Brian Moynihan may be about to run the largest U.S. bank at a time of massive change in the crisis-damaged industry but he seems to be restricting his public comments about strategy to one word: Execute.

Moynihan, who was named CEO-designate of Bank of America Corp on Wednesday night, used the word roughly a half-dozen times in a speech to a packed audience of nearly 1,000 cheering bank employees in a downtown Charlotte theater on Thursday.

It's just about execution, he said.

And he used the word at least three times in interviews with major news organizations on Wednesday night.

The on-message focus on the word by Moynihan suggests a departure from the style of current CEO Kenneth Lewis, who was best-known for his deal making.

Lewis engineered large takeovers for much of his nearly decade-long stay in the job. In 2004, the bank bought FleetBoston Financial for $47 billion, an acquisition that brought Moynihan to the company. Lewis also bought U.S. Trust, credit card issuer MBNA, Countrywide, and brokerage Merrill Lynch, a deal which Moynihan helped to negotiate.

Moynihan says that Lewis has built a company that has huge global presence.

There isn't a market we can't transact in, and a place we can't get capital, Moynihan said to the audience.

Still, he signaled that repairing current businesses rather than buying new ones was on the top of his agenda.

We don't have to think about buying something, Moynihan said.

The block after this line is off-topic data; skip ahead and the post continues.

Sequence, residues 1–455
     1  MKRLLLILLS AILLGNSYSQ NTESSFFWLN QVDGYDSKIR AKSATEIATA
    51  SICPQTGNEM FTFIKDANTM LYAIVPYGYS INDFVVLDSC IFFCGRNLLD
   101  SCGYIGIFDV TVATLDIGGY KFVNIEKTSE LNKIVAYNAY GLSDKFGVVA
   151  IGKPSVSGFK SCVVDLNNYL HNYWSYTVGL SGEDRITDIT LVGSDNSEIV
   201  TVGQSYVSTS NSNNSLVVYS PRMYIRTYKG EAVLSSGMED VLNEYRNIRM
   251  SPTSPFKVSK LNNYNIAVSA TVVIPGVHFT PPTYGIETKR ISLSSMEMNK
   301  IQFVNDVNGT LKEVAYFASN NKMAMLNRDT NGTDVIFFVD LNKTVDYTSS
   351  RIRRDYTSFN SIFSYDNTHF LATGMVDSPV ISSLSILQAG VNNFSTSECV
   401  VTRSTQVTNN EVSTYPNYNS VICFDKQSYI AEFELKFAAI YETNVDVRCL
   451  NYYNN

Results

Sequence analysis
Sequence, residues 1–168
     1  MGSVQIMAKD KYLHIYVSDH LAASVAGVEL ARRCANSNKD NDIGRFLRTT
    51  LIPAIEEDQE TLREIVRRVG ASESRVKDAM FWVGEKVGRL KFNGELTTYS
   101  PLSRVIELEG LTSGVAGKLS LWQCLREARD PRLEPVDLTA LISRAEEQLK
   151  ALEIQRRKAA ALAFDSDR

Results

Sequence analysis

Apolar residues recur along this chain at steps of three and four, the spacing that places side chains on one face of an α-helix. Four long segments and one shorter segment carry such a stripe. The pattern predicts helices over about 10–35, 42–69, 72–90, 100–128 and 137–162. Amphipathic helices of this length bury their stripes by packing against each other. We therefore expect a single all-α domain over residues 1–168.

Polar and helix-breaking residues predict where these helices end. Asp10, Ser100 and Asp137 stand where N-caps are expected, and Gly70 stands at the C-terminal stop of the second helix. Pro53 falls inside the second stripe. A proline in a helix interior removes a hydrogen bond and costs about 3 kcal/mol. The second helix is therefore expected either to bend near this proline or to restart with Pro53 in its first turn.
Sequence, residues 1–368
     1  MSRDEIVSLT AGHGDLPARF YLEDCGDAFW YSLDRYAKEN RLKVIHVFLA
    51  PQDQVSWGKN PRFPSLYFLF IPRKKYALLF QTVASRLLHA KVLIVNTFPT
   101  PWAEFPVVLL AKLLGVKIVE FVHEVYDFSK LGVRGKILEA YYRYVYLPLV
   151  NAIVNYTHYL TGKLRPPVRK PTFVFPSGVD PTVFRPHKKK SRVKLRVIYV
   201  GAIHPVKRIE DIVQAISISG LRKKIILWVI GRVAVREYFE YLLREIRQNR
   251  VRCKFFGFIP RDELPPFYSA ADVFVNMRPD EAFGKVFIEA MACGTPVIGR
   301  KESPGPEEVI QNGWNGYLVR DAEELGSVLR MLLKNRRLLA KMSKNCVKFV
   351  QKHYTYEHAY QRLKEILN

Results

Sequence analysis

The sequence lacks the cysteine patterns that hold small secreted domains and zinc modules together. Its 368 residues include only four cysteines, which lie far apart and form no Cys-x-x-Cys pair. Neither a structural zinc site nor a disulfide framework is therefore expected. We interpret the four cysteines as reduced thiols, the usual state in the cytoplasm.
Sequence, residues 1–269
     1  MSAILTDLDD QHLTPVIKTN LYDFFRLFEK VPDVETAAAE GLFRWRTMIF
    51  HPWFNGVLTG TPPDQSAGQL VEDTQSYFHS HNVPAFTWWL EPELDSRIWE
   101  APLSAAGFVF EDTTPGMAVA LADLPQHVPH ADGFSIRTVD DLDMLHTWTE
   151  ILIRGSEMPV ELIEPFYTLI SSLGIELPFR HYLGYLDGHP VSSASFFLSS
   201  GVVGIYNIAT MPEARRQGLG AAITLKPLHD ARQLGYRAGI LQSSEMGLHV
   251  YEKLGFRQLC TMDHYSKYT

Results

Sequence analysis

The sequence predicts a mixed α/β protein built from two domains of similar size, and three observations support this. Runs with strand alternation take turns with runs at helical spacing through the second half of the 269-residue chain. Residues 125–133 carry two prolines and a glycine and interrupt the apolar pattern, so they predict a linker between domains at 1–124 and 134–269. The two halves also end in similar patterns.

Among the tasks ahead are the further integration of brokerage Merrill and mortgage lender Countrywide, both bought in the past two years.

Moynihan said he has no plans to sell the bank's U.S. Trust private wealth unit, which it bought in 2006 for $3.3 billion and which some analysts say now duplicates much of the same work done by Merrill.

The various parts of the Bank of America's business -- which now sprawl from the mortgage business based in Calabasus, California to the credit card division in Wilmington, Delaware -- must learn to operate as one, unified company.

Moynihan, 50, must grapple with increasing credit problems for the bank, where credit card delinquencies are near the top of the industry and mortgage and consumer loans problems are growing.

That's a tall order for a lawyer turned investment banker who served as the head of Bank of America's head of retail banking for less than a year.

Moynihan also must navigate the company through its on-going legal probes into the heavily scrutinized Merrill Lynch purchase.

The bank has a looming case brought by the U.S. Securities and Exchange Commission, scheduled for early next year around its disclosures during the Merrill Lynch deal, and the U.S. Congress and New York Attorney General's office are also probing the deal.

Critics say his relative lack of long-term banking experience may not clear the bank's operational hurdles.

It seems like the board is rewarding failure, said John Finger, of Houston-based Finger Interests Ltd.

The family investment firm, which owns Bank of America shares, has been campaigning against Moynihan's appointment and sought an outside candidate to succeed Lewis.

It is not clear how many outside candidates were interested in the spot. Kenneth Lewis, the bank's departing CEO, said at an employee meeting on Thursday that Moynihan had a rare quality.

He wanted the job, Lewis said, drawing chuckles from the crowd.

(Reporting by Joe Rauch; Editing by Martin Howell and Bernard Orr)